Matthew 2:12

When I was 17 years old, I heard the true message of Christmas. It finally made sense to me, and God showed me that I needed His Son - not just to know facts about Him in my head, but to really know Him personally in my heart. You see, Jesus was born in Bethlehem so that you and I could be born again.

On a Monday night in January of 1980, I got down on my knees and asked Jesus to save me. I gave all I knew of me to all I knew of Him. And do you know what? He saved me. He forgave all my sins and came to live in my heart... and my life has never been the same since.

A CHANGE OF COURSE

The wise men from the east traveled a great distance (as much as 1000 miles) to worship Jesus, the new born King of the Jews. They brought expensive gifts and fell down in worship before the Christ child. When they went home, they did not go back through Jerusalem for fear of Herod. They returned "by another way." They changed course. Did you catch the spiritual significance of that phrase?

It is impossible to truly meet Jesus and not go "another way." It is impossible to receive the King of Glory into your life and not be changed as a result. Many times people will struggle with and agonize over the issue of assurance. They will ask themselves, "Am I really a Christian?" The acid test to know if you are truly His is this: have you been changed? Has something happened inside of you, calling you to go in a new direction? It is inconceivable to think that the Almighty, Most Holy God of the Universe would come to live inside of a person and that person not know it... and that person not be changed.

My life changed greatly after I received Christ. My friends and family noticed a difference in the way I acted and reacted. Although far from perfect, there was a change, a noticeable change. I had gone "by another way." I had a desire for God that I never had before... and I had a sorrow in sin that I never had before. As Adrian Rogers used to say, "The difference between a Christian and a non-Christian is this: A non-Christian leaps into sin and he loves it. A Christian lapses into sin and he loathes it." That has been true of me from the day I surrendered my life to Jesus.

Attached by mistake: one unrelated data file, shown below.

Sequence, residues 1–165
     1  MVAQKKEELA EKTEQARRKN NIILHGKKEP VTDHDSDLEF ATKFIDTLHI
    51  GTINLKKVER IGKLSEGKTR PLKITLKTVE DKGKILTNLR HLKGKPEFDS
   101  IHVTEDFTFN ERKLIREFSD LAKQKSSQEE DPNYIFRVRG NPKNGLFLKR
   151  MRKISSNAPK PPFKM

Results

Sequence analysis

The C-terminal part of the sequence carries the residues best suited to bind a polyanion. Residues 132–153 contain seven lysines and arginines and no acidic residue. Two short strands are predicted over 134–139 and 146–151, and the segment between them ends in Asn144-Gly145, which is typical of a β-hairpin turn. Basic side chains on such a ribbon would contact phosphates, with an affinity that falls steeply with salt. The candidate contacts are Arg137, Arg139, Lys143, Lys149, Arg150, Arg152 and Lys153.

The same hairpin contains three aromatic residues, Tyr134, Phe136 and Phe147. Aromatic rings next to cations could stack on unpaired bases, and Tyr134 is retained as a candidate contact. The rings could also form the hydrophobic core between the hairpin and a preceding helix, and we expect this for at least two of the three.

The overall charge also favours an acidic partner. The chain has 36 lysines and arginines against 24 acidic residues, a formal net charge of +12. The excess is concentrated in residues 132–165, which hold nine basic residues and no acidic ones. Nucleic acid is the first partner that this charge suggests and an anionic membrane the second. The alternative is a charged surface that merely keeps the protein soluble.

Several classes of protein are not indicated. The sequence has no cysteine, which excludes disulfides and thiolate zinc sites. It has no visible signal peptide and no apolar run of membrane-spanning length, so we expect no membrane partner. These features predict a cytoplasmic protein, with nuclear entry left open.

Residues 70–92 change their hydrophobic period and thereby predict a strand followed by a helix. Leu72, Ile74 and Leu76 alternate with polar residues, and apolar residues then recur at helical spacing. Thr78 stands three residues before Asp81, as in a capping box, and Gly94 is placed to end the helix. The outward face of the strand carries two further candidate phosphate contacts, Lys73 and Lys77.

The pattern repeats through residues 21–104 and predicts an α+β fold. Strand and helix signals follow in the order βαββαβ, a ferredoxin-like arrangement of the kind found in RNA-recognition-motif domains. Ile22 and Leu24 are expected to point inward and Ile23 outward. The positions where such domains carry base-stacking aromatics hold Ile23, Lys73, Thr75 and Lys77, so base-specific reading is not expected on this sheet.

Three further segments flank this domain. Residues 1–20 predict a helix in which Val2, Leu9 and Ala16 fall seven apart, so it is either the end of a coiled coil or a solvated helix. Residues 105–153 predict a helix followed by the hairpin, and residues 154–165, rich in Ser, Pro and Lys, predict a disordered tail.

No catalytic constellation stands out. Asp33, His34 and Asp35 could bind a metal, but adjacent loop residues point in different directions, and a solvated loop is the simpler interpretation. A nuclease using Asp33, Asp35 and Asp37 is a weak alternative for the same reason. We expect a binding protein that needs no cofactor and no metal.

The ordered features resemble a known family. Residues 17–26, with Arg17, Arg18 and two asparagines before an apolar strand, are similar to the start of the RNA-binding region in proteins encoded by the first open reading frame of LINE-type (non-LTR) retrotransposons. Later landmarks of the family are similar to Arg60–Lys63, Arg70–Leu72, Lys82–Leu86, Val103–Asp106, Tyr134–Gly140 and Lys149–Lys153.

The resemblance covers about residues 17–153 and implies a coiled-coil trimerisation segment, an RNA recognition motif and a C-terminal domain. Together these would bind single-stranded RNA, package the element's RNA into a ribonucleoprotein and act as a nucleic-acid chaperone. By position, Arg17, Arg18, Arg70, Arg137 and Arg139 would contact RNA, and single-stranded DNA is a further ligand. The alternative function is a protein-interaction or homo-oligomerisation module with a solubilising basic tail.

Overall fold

HOW ABOUT YOU?

Have you really met Jesus? Has there been a genuine change? Is your life going His way now... or are you still going your way?

Christmas is a great time to rejoice... and to reflect: what change of course does He want to make in you? What adjustments are needed so that you can be all He wants you to be in your family... in your career... in your priorities?

I hope you have a great Christmas. May the King of the universe truly be King in you as you do like those wise men and bow your life before Him!

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How to Find Hope on a Long Silent Night - Advent Devotional - Dec. 23

by Alicia Bruxvoort

“That night there were shepherds staying in the fields nearby, guarding their flocks of sheep. Suddenly, an angel of the Lord appeared among them, and the radiance of the Lord’s glory surrounded them.” Luke 2:8-9a (NLT)

I sit alone near the window at the end of a long December day, my weary frame wrapped in a wordless sigh and a plush red blanket. The wintry woods beyond the glass are as quiet as my children who sleep down the hall.

Moonbeams mingle with the twinkling lights of our Christmas tree, and starlight waltzes with the shadows on the floor.

I take a deep breath and seek solace in the silence. But my heart refuses to rest in the hallowed hush.

For years, when my wee ones filled the nights with wails, I dreamed of a quiet like this.

But what I didn’t know then — when my midnight hours thrummed to the rhythm of sniffling sighs and colicky cries — is that children aren’t the only ones who can fill the night with clamor.

Sometimes the quiet quakes noisy, too.